Arthritis & Rheumatism, Volume 62,
November 2010 Abstract Supplement

Abstracts of the American College of
Rheumatology/Association of Rheumatology Health Professionals
Annual Scientific Meeting
Atlanta, Georgia November 6-11, 2010.


Anti-CD20 Therapy Inhibits the Progression of Synovitis and Focal Erosion in the Knee Joints but Not in the Ankle Joints of TNF-Tg Mice.

Li,  Jie, Kuzin,  Igor, Ritchlin,  Christopher, Sanz,  Ignacio, Bottaro,  Andrea, Xing,  Lianping, Schwarz,  Edward

Purpose:

B cell depletion therapy (BCDT) is effective for some RA patients. However, its mechanism of action and variable efficacy remains an enigma. Previously we utilized contrast enhanced (CE) MRI, micro-CT and near infrared-indocyanine green (NIR-ICG) lymphatic imaging to evaluate arthritis in TNF-Tg mice, and demonstrated that disease commences in the ankle, which is consistent with reports defining tenosynovitis in the foot as the initiating pathology. We also found that arthritic progression occurs following a sudden decrease in lymphatic flow from the lower limb to the popliteal lymph node (PLN). This decrease leads to a "collapsed" phenotype characterized by the translocation of CD23+/CD21hi B cells from the follicles into the sinus space, resulting in "clogging" lymphatic flow of the PLN. Thus, we hypothesize that BCDT ameliorates TNF-induced arthritis by increasing lymphatic flow through the depletion of these B cells, and tested this in our murine model.

Methods:

TNF-Tg mice with collapsed PLNs and ankle synovitis were identified by CE-MRI and followed with scans every two weeks. NIR-ICG footpad clearance (T-clearance) and micro-CT scans were performed before and after treatment with anti-CD20 (n=8; 16 knees) (10mg/kg/i.v. every two weeks) or placebo (n=4; 4 knees) for 6 weeks. PLNs were harvested for flow cytometry or immunohistochemistry (IHC). Ankle and knee joints were harvested for H&E and TRAP stained histology.

Results:

1) Anti-CD20 significantly decreased knee synovial volume (SynVol=4.55+/-2.39mm3, p=0.002) and synovitis progression (p=0003) vs. placebo (SynVol=8.98+/-4.16mm3), and PLN B cells (80–95% depletion). 2) Anti-CD20 significantly increased T-clearance from 82.3+/-0.16% to 90.4+/-0.08% (p=0.02). 3) Anti-CD20 protected the knee from focal erosions, as there was no significant change in patellar bone volume (p=0.1). However, it failed to prevent bone erosion in the ankle joint, as the talus volume dramatically decreased from 0.64+/-0.32mm3 to 0.30+/-0.27mm3 (p=2×10-6) during the 6-week treatment.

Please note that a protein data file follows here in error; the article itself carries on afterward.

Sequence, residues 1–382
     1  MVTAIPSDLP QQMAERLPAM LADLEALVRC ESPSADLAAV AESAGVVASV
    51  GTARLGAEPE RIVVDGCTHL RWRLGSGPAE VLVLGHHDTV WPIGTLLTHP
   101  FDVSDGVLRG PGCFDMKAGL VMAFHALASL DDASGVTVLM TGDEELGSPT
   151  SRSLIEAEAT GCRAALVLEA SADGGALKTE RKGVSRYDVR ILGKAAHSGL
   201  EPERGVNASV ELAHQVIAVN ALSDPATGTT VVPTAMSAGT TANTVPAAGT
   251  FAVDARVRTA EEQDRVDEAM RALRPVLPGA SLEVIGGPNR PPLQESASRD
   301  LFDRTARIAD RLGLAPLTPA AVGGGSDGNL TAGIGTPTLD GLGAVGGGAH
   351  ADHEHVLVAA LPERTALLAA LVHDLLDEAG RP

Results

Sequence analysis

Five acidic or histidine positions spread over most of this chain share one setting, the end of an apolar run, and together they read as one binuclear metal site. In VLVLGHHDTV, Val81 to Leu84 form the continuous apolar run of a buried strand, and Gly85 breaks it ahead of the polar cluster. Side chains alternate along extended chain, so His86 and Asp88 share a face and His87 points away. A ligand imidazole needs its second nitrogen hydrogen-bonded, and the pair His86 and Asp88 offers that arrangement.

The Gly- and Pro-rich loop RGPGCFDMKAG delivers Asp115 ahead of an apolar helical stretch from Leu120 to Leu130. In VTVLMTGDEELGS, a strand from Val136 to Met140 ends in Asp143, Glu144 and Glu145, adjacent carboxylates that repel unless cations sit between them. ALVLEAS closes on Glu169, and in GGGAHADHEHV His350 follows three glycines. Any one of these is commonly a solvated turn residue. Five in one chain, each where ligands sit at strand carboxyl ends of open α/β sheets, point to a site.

Conclusion:

Our results show BCDT effectively inhibits progression of arthritis in knee, but not in the ankle, suggesting distinct etiologies for large and small joint pathogenesis. The lack of efficacy observed in the foot is consistent with unabated tenosynovitis in which B cells play little if any role, as evidenced by arthritis in the ankles of TNF-TgxRAG1-/- mice. In contrast, the absence of tendon insertions proximal to synovium in large joints precludes tenosynovitis as a mechanism of inflammatory-erosive arthritis in the knee. Our observations that draining lymph function and the location of B cells in PLNs correlates with disease in the adjacent knee of TNF-Tg mice is consistent with a novel mechanism of action for BCDT in which removal of the B cells that are "clogging" the lymphatic vessels restores draining function to ameliorate synovitis. Our current clinical pilot to test this hypothesis in anti-TNF refractory RA patients receiving BCDT will be discussed.

To cite this abstract, please use the following information:
Li, Jie, Kuzin, Igor, Ritchlin, Christopher, Sanz, Ignacio, Bottaro, Andrea, Xing, Lianping, et al; Anti-CD20 Therapy Inhibits the Progression of Synovitis and Focal Erosion in the Knee Joints but Not in the Ankle Joints of TNF-Tg Mice. [abstract]. Arthritis Rheum 2010;62 Suppl 10 :712
DOI: 10.1002/art.28480

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